I throw these cautions out because while the ML firmware is very good, it's also open-source, comes with certain warnings, and you shouldn't run it unless you're prepared to read their cautions and follow the directions. That said, I've NEVER had a single problem running it... but then I also followed all of their directions to the letter.

In reply to an earlier post on Apr 28, 2012 8:06:17 AM PDT
"Many who do tethered portraits in studios, e.g., will use quality programs such as Phase One's Capture One [even if shooting Canon] for portraits."

Then there's product photographers who don't use any DSLRs at all. Anyway, this is well away from the topic (budget DSLR for taking picks of the family)...so we don't need to feed the shill. There are pros and cons between both these cameras.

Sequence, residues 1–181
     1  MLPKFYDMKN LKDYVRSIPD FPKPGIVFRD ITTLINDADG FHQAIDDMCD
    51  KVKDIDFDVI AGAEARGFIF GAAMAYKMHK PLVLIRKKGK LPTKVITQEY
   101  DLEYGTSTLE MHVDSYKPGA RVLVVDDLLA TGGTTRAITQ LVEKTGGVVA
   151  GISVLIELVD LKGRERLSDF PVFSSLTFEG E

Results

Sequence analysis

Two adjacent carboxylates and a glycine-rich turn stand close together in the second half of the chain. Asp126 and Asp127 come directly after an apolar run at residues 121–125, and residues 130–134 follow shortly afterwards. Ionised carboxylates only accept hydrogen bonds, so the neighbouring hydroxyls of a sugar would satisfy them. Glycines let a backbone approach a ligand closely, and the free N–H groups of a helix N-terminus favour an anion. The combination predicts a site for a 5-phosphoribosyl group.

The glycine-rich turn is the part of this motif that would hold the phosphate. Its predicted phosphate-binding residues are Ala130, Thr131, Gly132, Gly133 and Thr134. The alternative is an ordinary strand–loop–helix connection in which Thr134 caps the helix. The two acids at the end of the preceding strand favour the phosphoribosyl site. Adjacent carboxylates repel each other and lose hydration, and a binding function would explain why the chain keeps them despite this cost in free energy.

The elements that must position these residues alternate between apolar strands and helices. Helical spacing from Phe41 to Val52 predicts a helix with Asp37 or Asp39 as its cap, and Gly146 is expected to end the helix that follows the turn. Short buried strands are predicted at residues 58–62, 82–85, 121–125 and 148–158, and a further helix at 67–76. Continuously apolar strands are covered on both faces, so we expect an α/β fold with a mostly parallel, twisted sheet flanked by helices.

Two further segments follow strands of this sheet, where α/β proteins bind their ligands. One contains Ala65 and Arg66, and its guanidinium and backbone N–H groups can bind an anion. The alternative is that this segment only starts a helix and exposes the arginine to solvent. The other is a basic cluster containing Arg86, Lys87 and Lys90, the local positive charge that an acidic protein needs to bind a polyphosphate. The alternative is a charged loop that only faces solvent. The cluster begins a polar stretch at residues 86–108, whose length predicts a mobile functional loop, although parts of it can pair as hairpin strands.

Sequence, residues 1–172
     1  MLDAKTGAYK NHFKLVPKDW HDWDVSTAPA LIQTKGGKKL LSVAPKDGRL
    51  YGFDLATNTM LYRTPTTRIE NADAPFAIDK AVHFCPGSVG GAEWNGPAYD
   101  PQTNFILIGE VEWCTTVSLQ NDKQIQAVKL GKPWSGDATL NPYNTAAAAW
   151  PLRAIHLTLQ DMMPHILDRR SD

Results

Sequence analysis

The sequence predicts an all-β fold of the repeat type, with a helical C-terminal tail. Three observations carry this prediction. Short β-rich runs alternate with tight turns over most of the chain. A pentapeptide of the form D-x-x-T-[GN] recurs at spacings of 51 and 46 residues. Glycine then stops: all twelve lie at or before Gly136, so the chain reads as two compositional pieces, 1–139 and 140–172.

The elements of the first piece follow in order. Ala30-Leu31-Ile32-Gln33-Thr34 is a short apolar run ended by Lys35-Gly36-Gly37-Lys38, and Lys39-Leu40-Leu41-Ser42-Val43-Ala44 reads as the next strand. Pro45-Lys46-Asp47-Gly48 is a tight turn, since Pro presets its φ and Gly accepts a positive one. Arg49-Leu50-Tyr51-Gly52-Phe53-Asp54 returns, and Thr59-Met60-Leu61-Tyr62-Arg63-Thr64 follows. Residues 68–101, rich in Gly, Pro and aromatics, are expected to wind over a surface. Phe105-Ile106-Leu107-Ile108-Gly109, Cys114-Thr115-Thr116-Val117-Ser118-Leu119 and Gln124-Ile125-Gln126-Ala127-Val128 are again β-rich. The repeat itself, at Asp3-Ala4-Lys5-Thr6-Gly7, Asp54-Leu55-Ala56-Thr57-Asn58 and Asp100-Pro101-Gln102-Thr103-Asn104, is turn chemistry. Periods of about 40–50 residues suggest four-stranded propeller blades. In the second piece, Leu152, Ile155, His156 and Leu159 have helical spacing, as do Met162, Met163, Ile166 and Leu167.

In reply to an earlier post on Apr 28, 2012 8:24:12 AM PDT
Last edited by the author on Apr 28, 2012 8:28:20 AM PDT
Neo Lee says:
The cautions are well founded. ML freezes up on me twice, and I failed to eject the battery. There wasn't any damage to the camera but I later discovered the fully charged battery had drained out the next day and I hadn't had shot more than ten photos the day before. That's probably caused by a crash and followed by code running continuously in a loop. Component overheating is plausible. Other than that, it hasn't been any report indicating hardware damages so far.

"But they do warn you: the on/off switch on the camera body is technically just a software switch -- it doesn't actually deprive the camera of power."

That is true. It doesn't really cut off the battery from the circuit.